keywords = "bioenergetics, cardiac arrest, cerebral ischemia, mitochondria, neuroprotection, tolerance",
author = "{Della Morte}, David and Dave, {Kunjan R} and DeFazio, {R. A.} and Bao, {Y. C.} and Ami Raval and Miguel Perez-Pinzon",
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T1 - Resveratrol pretreatment protects rat brain from cerebral ischemic damage via a sirtuin 1-uncoupling protein 2 pathway

AU - Della Morte, David

AU - Dave, Kunjan R

AU - DeFazio, R. A.

AU - Bao, Y. C.

AU - Raval, Ami

AU - Perez-Pinzon, Miguel

PY - 2009/3/31

Y1 - 2009/3/31

N2 - Resveratrol is a natural polyphenol found in grapes and wine and has been associated with protective effects against cardiovascular diseases. In vitro, both resveratrol preconditioning (RPC) and ischemic preconditioning (IPC) require activation of sirtuin 1 (SIRT1), a nicotinamide adenine dinucleotide (NAD+)-dependent deacetylase, to induce neuroprotection against cerebral ischemia. In the present study, we tested two hypotheses: (a) that neuroprotection against cerebral ischemia can be induced by RPC in vivo; and (b) that RPC neuroprotection involves alterations in mitochondrial function via the SIRT1 target mitochondrial uncoupling protein 2 (UCP2). IPC was induced by 2 min of global ischemia (temporary bilateral carotid artery occlusion with hypotension), and RPC, by i.p. injection of resveratrol at 10, 50 and 100 mg/kg dosages. Forty-eight hours later, we compared the neuroprotective efficacy of RPC and IPC in vulnerable cornu ammonis 1 hippocampal pyramidal neurons using a rat model of asphyxial cardiac arrest (ACA). SIRT1 activity was measured using a SIRT1-specific fluorescent enzyme activity assay. In hippocampal mitochondria isolated 48 h after IPC or RPC, we measured UCP2 levels, membrane potential, respiration, and the mitochondrial ATP synthesis efficiency (ADP/O ratio). Both IPC and RPC induced tolerance against brain injury induced by cardiac arrest in this in vivo model. IPC increased SIRT1 activity at 48 h, while RPC increased SIRT1 activity at 1 h but not 48 h after treatment in hippocampus. Resveratrol significantly decreased UCP2 levels by 35% compared to sham-treated rats. The SIRT1-specific inhibitor sirtinol abolished the neuroprotection afforded by RPC and the decrease in UCP2 levels. Finally, RPC significantly increased the ADP/O ratio in hippocampal mitochondria reflecting enhanced ATP synthesis efficiency. In conclusion, in vivo resveratrol pretreatment confers neuroprotection similar to IPC via the SIRT1-UCP2 pathway.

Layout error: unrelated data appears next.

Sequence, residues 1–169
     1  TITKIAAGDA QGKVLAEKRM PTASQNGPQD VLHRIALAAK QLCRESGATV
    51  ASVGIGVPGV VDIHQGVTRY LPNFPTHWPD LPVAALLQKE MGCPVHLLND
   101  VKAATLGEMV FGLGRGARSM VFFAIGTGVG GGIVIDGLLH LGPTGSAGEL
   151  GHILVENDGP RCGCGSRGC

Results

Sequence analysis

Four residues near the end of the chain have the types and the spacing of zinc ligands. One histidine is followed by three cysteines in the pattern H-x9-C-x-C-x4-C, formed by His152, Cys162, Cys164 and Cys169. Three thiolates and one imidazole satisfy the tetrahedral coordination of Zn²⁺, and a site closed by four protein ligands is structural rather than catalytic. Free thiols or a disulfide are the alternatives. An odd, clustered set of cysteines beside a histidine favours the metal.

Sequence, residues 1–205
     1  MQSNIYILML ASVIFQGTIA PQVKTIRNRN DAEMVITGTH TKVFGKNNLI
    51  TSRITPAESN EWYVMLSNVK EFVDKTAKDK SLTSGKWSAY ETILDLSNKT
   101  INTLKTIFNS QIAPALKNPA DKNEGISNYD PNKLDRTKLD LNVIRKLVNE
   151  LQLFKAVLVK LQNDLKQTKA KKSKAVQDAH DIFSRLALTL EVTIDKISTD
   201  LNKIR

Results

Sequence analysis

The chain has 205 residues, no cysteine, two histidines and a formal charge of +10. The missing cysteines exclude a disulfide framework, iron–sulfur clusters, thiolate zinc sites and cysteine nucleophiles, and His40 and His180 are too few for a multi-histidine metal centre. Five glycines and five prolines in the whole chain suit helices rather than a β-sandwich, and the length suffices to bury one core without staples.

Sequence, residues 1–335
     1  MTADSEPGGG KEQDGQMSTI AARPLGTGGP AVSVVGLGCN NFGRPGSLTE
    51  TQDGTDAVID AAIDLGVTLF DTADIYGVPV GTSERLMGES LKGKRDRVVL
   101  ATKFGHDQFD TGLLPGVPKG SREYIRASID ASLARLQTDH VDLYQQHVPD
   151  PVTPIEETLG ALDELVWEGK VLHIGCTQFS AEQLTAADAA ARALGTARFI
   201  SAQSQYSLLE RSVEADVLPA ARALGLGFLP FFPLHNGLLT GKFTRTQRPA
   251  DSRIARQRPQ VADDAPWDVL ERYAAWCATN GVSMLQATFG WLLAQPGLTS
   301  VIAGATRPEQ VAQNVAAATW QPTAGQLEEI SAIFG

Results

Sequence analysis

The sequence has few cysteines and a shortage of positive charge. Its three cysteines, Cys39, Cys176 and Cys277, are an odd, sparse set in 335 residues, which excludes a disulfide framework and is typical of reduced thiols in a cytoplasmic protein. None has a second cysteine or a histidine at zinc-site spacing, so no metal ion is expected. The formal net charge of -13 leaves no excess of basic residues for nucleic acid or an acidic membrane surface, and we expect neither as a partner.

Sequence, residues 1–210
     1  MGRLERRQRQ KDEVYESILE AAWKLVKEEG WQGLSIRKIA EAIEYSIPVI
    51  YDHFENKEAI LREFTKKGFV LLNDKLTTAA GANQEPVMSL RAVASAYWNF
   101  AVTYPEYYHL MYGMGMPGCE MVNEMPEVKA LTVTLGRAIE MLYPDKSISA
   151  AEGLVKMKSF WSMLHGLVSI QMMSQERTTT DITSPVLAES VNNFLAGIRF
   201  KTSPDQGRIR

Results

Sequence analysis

AB - Resveratrol is a natural polyphenol found in grapes and wine and has been associated with protective effects against cardiovascular diseases. In vitro, both resveratrol preconditioning (RPC) and ischemic preconditioning (IPC) require activation of sirtuin 1 (SIRT1), a nicotinamide adenine dinucleotide (NAD+)-dependent deacetylase, to induce neuroprotection against cerebral ischemia. In the present study, we tested two hypotheses: (a) that neuroprotection against cerebral ischemia can be induced by RPC in vivo; and (b) that RPC neuroprotection involves alterations in mitochondrial function via the SIRT1 target mitochondrial uncoupling protein 2 (UCP2). IPC was induced by 2 min of global ischemia (temporary bilateral carotid artery occlusion with hypotension), and RPC, by i.p. injection of resveratrol at 10, 50 and 100 mg/kg dosages. Forty-eight hours later, we compared the neuroprotective efficacy of RPC and IPC in vulnerable cornu ammonis 1 hippocampal pyramidal neurons using a rat model of asphyxial cardiac arrest (ACA). SIRT1 activity was measured using a SIRT1-specific fluorescent enzyme activity assay. In hippocampal mitochondria isolated 48 h after IPC or RPC, we measured UCP2 levels, membrane potential, respiration, and the mitochondrial ATP synthesis efficiency (ADP/O ratio). Both IPC and RPC induced tolerance against brain injury induced by cardiac arrest in this in vivo model. IPC increased SIRT1 activity at 48 h, while RPC increased SIRT1 activity at 1 h but not 48 h after treatment in hippocampus. Resveratrol significantly decreased UCP2 levels by 35% compared to sham-treated rats. The SIRT1-specific inhibitor sirtinol abolished the neuroprotection afforded by RPC and the decrease in UCP2 levels. Finally, RPC significantly increased the ADP/O ratio in hippocampal mitochondria reflecting enhanced ATP synthesis efficiency. In conclusion, in vivo resveratrol pretreatment confers neuroprotection similar to IPC via the SIRT1-UCP2 pathway.